Another opposition group, the Muslim Brotherhood, is outlawed. The group was decimated by Hafez al-Assad, Bashar’s father, at a massacre in Hama in 1982. The Muslim Brotherhood had tried to assassinate Hafez al-Assad, but since Hama, its remaining members have scattered and have not threatened the regime again. And the Syrian security forces keep it that way. "Syrian intelligence is clear that their job is to maintain security and eliminate threats to the regime or the national interest," Francona says. "In Syria, it’s understood that there are Damascus rules, and if things got really bad, there are Hama rules."
How strong is the external opposition?
Former Vice President Khaddam, fired from his post in June last year, now leads a dissident movement from Europe. Khaddam, a longtime foreign minister of Syria, was considered an important rival to Assad before being forced out. "Since the death of Ghazi Kenaan [a former Syrian official who was found dead of an alleged suicide in October 2005] Khaddam probably has a unique stature with the senior ranks of Bashar’s critics," Murphy says. In December, Khaddam told the al-Arabiya television station that Assad’s government threatened Hariri before his death.
Experts say Khaddam has linked up with Muslim Brotherhood members—also in exile in France—to form a new party and a government-in-exile. They are demanding regime change, but experts say their influence is weak. "Many Syrians think Khaddam is as corrupt, and has as much blood on his hands, as anyone still in power," Yacoubian says. "Khaddam is so identified with Syria’s Lebanon policies that he’s not credible as an opposition figure," Djerejian says. And Francona says Khaddam is too far removed from the country to be effective. "The external opposition movements have limited impact," he says. "We learned that from Iraq."
Is there a threat of a military coup?
The Alawite generals who run the military and security services were worried at the end of last year about Assad’s leadership, but they feel a bit more secure now, experts say. Syria still exerts significant control in the region through its support for the armed militant group Hezbollah in Lebanon, insurgents in Iraq, and Hamas in the Palestinian Authority. Hamas leader Khaled Meshal lives in Damascus. Experts say a military coup is unlikely at present. "They figure this is not the time to move against Bashar," Francona says. A coup would be more likely if the military elite feared Syria was coming apart, he says.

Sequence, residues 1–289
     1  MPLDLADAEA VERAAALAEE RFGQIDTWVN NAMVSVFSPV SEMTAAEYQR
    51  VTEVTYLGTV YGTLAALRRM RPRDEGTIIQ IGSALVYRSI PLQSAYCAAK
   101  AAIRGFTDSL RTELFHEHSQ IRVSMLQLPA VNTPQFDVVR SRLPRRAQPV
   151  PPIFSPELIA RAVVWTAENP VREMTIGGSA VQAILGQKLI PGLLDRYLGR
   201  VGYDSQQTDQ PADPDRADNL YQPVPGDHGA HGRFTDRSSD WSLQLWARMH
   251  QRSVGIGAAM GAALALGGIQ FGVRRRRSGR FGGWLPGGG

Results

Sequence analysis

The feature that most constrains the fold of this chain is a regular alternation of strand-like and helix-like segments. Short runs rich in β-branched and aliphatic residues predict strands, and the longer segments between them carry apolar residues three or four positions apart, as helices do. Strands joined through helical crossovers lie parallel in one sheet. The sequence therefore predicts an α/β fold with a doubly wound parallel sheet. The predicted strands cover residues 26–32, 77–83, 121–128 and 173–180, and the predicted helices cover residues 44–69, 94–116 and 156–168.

What effect has the UN investigation had?
Bashar and Vice President Farouk al-Shara, who was Syria’s foreign minister during the Hariri assassination, met with UN investigator Serge Brammertz in Damascus April 25. Details from the meeting have not yet been released. Bashar had refused to meet Brammertz’ predecessor, Detlev Mehlis. The first UN report by Mehlis, investigating Hariri’s death, was released October 19, 2005, and accused the Syrian and Lebanese security services of cooperation, if not outright complicity, in Hariri’s murder. It also implicated several senior members of Assad’s regime, and was "nothing short of a bombshell," Yacoubian says.
The Mehlis report led to intense political pressure on Assad and the possibility of sanctions against Damascus. A second report from Mehlis, released in December, accused the Syrian administration of obstructing justice, tampering with or intimidating witnesses, and otherwise interfering with the investigation. The UN investigation is "the big black cloud hovering over Damascus that makes any movement forward very difficult," Djerejian says. A final report is due in June, although an extension is possible.
After that, "it all depends on the contents of the report," Djerejian says. "If there’s incriminating evidence against Bashar’s inner circle, it will be very difficult for the president." If that happens, sanctions are possible, but growing less likely as the immediacy and momentum behind punitive action against Syria have waned.
How much impact does Syrian intelligence have in Lebanon?
Syrian influence remains strong in Lebanon, experts say. "Because the army’s gone, we shouldn’t assume that Lebanon is free to act as a sovereign state," Murphy says. Many politicians, including Lebanese President Emile Lahoud, are openly pro-Syrian. Syrian intelligence agents are still influential throughout the country, and Syria still arms and supports Hezbollah, regional experts say. "You’re not going to see Syria give up on Lebanon," says Francona. Syrians still refer to their smaller neighbor as "the province." Their influence persists in part because Lebanese leaders are struggling to set up a democracy amid deep sectarian divisions. "The imperatives of confessional democracy [where certain government posts are reserved for certain religions] are very complicated and difficult to deal with," Yacoubian says.